One of the regular bits on Sesame Street was the little song, “Who Are the People in Your Neighborhood?”

Who are the people in your neighborhood, in your neighborhood, in your neighborhood?

O, who are the people in your neighborhood?

They’re the people that you meet when you’re walking down the street.

They’re the people that you meet each day.”

Who are the people in your neighborhood? Do you know their names? Do you know what they do for a living, what they do for fun? Do you know how they’re doing, are they OK? Do you know whether they have faith in Christ, if they go to church? Do they have needs? Do they need help?

We aren’t very good about this in our society anymore. I’m not very good at this—I don’t really know my neighbors. I’m much more likely to say, “It’s not my problem” or “I haven’t got time” or “I’ve got enough problems of my own.” Remember Charles Dicken’s A Christmas Carol? There is a scene where the ghost of Jacob Marley appears to Scrooge and laments over "life's opportunities misused." Scrooge remarks, “But you were always a good man of business, Jacob." Upon which the Ghost cries out in anguish:

Business! Mankind was my business. The common welfare was my business; charity, mercy, forbearance, and benevolence, were all my business. The dealings of my trade were but a drop of water in the comprehensive ocean of my business!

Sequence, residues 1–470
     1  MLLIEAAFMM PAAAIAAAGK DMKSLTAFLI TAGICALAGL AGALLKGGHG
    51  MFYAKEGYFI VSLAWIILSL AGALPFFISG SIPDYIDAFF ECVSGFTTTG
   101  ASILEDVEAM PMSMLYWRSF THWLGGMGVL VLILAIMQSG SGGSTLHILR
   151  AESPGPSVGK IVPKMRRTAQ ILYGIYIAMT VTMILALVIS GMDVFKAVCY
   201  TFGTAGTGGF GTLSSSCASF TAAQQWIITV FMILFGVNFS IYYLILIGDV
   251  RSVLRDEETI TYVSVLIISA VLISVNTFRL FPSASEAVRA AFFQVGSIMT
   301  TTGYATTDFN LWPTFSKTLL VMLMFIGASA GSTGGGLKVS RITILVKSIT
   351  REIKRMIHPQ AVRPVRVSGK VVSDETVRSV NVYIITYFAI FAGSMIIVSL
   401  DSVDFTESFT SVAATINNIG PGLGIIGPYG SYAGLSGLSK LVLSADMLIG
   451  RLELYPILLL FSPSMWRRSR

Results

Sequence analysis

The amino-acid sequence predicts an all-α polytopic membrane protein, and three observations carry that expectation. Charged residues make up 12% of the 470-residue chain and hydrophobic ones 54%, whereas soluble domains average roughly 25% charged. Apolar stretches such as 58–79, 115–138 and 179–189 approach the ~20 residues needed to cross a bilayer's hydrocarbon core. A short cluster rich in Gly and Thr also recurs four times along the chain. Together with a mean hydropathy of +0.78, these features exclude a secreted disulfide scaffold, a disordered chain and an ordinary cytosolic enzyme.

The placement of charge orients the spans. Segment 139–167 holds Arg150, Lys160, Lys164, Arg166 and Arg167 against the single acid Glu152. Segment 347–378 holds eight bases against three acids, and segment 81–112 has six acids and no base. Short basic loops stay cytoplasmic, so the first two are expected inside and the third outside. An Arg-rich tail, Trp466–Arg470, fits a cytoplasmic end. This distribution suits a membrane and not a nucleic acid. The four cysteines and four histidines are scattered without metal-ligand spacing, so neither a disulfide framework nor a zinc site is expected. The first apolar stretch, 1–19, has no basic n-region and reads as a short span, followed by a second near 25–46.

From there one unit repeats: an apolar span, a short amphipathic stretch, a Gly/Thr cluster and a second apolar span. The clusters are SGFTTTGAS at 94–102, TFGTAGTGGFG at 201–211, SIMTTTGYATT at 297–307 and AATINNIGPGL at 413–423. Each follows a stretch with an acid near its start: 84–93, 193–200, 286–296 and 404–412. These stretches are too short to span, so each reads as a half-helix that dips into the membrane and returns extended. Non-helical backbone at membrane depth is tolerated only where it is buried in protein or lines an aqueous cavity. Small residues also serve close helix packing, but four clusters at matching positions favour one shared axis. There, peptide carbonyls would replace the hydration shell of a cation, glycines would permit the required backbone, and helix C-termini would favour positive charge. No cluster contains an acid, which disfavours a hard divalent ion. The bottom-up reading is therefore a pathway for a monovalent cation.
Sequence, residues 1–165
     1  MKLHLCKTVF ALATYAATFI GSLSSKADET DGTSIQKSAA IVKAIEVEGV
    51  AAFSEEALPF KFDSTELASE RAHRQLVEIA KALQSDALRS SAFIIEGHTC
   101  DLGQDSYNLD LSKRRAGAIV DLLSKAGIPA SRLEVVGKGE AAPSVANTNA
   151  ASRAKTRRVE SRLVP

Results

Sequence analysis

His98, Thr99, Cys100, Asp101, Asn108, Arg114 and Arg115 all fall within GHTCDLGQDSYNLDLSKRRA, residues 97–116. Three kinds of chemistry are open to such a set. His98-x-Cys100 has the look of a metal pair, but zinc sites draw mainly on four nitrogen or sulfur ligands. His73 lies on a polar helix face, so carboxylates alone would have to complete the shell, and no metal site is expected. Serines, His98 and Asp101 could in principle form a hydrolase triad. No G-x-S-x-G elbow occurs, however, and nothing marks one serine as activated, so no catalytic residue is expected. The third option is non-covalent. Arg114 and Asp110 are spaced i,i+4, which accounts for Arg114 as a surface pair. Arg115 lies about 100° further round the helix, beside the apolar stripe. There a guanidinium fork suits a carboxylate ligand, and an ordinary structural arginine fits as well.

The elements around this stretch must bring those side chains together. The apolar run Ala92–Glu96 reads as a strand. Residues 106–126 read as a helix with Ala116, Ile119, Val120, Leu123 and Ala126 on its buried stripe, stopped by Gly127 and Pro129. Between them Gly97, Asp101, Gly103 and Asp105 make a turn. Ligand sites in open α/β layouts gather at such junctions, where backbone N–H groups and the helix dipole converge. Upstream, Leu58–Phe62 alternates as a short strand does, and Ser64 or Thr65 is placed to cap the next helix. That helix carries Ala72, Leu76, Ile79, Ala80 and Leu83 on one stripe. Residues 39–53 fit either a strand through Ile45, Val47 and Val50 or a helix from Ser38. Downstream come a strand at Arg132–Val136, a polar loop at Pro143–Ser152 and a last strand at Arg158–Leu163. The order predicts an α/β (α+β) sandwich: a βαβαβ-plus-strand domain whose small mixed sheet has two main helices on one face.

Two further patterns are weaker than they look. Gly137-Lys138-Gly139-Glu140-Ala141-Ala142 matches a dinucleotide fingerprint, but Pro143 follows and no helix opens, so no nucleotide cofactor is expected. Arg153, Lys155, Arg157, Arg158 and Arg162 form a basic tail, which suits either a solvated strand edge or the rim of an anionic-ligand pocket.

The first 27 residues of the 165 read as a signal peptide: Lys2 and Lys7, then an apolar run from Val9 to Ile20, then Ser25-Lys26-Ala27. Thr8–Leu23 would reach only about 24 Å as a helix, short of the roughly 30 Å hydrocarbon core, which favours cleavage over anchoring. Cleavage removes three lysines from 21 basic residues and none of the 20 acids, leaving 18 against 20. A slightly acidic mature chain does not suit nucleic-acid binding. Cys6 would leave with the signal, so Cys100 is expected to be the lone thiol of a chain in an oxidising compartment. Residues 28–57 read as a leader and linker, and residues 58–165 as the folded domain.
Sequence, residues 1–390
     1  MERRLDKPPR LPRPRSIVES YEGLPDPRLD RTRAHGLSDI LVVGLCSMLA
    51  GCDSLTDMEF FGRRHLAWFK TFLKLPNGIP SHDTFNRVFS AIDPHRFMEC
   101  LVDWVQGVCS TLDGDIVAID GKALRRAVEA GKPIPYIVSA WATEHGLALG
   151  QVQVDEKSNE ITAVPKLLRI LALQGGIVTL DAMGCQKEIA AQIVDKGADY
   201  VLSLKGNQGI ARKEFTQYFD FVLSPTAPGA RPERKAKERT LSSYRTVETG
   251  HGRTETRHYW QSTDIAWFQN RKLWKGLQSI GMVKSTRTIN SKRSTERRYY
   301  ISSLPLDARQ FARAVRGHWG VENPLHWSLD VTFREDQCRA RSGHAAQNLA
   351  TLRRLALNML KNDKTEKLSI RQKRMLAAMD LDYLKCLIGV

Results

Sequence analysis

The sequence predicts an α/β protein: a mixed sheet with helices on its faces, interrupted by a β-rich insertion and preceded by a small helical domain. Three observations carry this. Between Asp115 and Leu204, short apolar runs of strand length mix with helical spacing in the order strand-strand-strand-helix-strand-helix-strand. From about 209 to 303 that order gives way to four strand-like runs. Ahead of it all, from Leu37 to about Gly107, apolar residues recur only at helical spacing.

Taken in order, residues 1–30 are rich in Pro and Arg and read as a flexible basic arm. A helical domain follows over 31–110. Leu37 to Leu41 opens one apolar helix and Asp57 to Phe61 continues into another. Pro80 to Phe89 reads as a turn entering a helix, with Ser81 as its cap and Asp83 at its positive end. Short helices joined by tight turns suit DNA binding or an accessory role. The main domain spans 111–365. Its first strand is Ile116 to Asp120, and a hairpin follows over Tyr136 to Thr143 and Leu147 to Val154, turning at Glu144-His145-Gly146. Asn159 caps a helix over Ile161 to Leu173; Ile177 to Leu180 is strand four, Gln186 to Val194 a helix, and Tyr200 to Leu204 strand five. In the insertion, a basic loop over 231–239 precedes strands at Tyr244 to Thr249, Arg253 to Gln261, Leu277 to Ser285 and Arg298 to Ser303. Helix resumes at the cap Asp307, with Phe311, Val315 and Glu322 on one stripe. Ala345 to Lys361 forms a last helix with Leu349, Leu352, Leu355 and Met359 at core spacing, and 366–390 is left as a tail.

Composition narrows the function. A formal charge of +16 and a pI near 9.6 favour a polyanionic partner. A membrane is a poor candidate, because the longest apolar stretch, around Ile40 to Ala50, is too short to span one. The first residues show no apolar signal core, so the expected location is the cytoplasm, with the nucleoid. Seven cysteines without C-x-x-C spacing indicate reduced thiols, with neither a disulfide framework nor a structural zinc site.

The fact is, as Christians we have a responsibility to our neighbors who may not know Jesus yet. We say, “I’ll pray for them,” but how can we pray for them if we don’t really know their needs? How can we talk to them about Jesus if we don’t even know them?

Because the law isn’t about you. It’s about your neighbor. God doesn’t give us these laws for us to “live our best life now.” It’s about our neighbor living their “best life now.”

How do I love my neighbor? God says, “Make sure everyone gets one day off each week, take care of the elderly, don’t kill, don’t steal, don’t have sex with someone else’s spouse, don’t hurt your neighbor with your words, don’t desire your neighbor’s stuff. That’s how you love your neighbor.”

But more than just not doing these things, care for them, help them, serve them and honor them. God loves your neighbor so much that God gives you the law. And God loves you so much, that God gives your neighbor the exact same law.

And when we live the Commandments in this wonderful, positive way—that’s when they cease being a burden to us—limiting our lives. When God’s good fences become aren’t just a list of all the things we shouldn’t do, that’s when they become a blessing and an opportunity to live freely by serving freely and giving freely. And loving freely—just as God loves us.

When I think that freedom means doing what I want—serving myself—invariably I become a slave to my own selfish desires. God has so much more in store for us. My freedom comes from knowing that God loves me and frees me to love you.